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In this age of rampant TV station consolidation, a hot stand-alone station is a target in every way. Even so, staffers at WVUE New Orleans, the surging Fox affiliate owned by real estate mogul Tom Benson’s Louisiana Media Co., were surprised to see a rival station report that WVUE was being sold to Raycom for $55.6 million, with the news first announced in the October employee newsletter of Raycom’s parent.
WVUE leadership assured staffers that they were not, for the time being, going anywhere. And moods picked up considerably days later when WVUE snagged two national Murrow awards — for overall excellence and news documentary — in New York.
Such is the life of a standout stand-alone station these days. Joe Cook, president and general manager, says WVUE can continue to thrive as a locally owned independent. “We understand the market and people here understand the station,” he says. “Multiple generations in New Orleans own the same business, the same home, the same land, the same restaurants.”
Yet it is increasingly difficult to survive these days without all-important scale, whether due to the cold shoulder from syndicators or falling victim to the fickleness of your lone market’s economy.
“Consolidation poses a real challenge for these stations,” says Steve Schwaid, VP of digital strategy at consulting firm CJ&N. “If you’re a No. 1 or a No. 2, you can keep pushing ahead, but can you do it three, four, five years out? It’s hard.”
Sinclair has bagged around $2.8 billion in station acquisitions the past two years. This past summer, Tribune agreed to buy the massive Local TV group, Gannett did a deal to acquire Belo and Media General announced plans to merge with Young Broadcasting.
All the while, a shrinking faction of one-station “groups” continues to plug away. Besides WVUE, the TV one-offs include KTBS Shreveport (La.), WCAX Burlington (Vt.), KLAS Las Vegas, WBRZ Baton Rouge (La.) and WINK Fort Myers (Fla.). A quick scan for common attributes shows some market leaders, some family ownerships and some winning connections (WINK, KLAS and WCAX are CBS affiliates).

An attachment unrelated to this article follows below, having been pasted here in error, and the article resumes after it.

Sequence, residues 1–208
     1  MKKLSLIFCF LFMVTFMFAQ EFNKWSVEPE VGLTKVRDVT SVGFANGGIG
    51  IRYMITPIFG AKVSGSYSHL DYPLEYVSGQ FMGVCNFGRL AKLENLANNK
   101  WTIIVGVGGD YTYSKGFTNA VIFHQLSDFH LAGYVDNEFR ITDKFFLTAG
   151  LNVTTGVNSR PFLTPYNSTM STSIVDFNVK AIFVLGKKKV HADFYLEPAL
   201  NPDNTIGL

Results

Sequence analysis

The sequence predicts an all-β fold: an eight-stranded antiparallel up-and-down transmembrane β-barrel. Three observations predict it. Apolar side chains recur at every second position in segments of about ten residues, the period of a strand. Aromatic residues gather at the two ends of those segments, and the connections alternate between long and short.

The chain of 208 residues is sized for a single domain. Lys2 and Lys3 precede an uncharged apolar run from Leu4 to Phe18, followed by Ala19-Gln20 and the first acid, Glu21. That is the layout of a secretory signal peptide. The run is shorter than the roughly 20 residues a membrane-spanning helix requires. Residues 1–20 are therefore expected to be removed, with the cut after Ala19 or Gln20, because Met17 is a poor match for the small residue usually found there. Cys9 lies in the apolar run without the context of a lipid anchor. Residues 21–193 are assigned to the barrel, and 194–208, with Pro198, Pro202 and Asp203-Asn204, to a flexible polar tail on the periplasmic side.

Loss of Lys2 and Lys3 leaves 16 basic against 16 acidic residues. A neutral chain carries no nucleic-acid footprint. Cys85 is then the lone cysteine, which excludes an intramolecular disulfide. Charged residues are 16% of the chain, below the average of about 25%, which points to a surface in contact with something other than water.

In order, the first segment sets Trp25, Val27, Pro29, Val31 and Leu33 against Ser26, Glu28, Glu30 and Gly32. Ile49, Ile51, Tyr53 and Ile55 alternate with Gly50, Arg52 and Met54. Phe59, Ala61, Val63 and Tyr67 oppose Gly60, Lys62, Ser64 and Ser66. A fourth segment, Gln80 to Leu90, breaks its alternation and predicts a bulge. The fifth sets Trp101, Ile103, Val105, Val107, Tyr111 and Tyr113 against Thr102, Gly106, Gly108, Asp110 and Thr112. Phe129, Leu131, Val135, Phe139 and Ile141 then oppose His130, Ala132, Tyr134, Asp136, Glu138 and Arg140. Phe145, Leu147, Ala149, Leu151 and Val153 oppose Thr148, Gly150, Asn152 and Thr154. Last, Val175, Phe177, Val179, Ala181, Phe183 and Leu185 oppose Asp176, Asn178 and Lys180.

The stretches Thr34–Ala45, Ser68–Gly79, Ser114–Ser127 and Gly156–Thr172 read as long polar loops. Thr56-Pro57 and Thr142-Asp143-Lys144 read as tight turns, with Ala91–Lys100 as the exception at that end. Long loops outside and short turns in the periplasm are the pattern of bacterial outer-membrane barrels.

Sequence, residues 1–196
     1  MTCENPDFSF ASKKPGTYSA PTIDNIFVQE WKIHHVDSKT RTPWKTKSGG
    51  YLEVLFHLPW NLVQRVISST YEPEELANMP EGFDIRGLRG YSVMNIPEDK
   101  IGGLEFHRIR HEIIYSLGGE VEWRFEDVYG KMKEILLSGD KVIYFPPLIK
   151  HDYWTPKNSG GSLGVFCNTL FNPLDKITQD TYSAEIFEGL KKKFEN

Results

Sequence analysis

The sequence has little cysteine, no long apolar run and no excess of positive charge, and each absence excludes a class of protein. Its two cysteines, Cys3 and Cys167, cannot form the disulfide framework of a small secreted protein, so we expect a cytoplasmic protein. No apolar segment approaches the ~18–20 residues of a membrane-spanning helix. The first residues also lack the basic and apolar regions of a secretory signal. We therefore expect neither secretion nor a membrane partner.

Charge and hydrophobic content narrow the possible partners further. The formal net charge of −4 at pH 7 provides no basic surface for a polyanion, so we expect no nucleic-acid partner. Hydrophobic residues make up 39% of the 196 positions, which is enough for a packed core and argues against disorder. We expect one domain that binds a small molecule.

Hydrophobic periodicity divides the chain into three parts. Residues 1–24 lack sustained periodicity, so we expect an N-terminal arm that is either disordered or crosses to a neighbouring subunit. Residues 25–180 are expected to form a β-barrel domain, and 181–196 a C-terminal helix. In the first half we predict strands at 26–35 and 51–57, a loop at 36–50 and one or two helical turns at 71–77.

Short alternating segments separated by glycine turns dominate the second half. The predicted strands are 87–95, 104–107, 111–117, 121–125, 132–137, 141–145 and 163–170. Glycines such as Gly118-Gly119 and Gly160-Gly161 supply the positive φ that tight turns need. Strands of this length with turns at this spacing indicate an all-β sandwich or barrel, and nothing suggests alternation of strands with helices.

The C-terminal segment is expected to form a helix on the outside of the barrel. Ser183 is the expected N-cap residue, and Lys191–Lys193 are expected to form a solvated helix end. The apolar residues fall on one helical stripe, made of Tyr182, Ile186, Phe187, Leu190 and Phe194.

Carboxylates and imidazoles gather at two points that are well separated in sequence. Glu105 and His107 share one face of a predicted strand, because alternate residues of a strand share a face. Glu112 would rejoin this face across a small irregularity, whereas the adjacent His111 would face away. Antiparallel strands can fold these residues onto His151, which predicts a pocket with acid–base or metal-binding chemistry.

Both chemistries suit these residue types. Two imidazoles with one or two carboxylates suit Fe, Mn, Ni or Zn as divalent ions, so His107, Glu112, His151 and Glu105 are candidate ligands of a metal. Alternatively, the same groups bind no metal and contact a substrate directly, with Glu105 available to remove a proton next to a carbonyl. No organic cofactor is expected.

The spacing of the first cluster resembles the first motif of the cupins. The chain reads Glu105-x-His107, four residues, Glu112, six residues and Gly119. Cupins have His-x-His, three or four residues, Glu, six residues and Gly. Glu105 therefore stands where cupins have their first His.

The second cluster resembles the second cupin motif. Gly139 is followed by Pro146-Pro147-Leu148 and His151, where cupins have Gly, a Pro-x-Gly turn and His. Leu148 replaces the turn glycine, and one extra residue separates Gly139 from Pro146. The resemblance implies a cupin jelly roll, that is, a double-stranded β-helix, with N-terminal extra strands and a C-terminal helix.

Most, if not all, get their share of calls from prospective buyers. “Everybody’s interested,” says Cook. “It’s time-consuming.”
As long as the stations continue to go it alone, they will face daunting challenges, most notably in the battle for syndicated programming. “You’re sitting there as a one-off, hoping the big groups don’t have a station in your market,” says Schwaid.
WVUE has Wheel of Fortune and Jeopardy!, but Cook concedes the next round of negotiations may be bloody. “It’s not an issue now, but it can be/will be some day,” he says.
Solo stations are also hamstrung in their ability to lure talent, share content throughout a group and invest in programming whose costs — and risks — are amortized across many stations. “If we make a bad decision, there’s no other station to spread the misery around,” says Cook.
Yet there are perks to being a stand-alone. WVUE got a glittering new facility in a prime location, thanks in large part to Tom Benson owning the skyscraper it calls home. WCAX, owned by Mount Mansfield Television, enjoys what Peter Martin, coowner/president/ general manager, calls a “short decision chain” that spelled the fast launch of weekend morning news; ideas don’t die in a corporate regional manager’s inbox.
Burlington’s “genuine dinosaur,” as Martin puts it, is not constrained by quarterly earnings and can address the market-specific needs of the DMA, such as staffing up in the three states WCAX broadcasts to — a geographic quirk that might not be fully appreciated from a corporate headquarters. “We think we know the market pretty well,” says Martin. “We have a real good organization, and we make our decisions based on the peculiarities of the market.”
Cook, a longtime New Orleans resident, knows about market peculiarities. He says local ownership plays well in the Crescent City. “You might be more successful here as a locally owned broadcast property than in other markets,” he says. The mélange of momand- pop businesses that make up the city’s rich heritage, he adds, “is a beautiful thing.”
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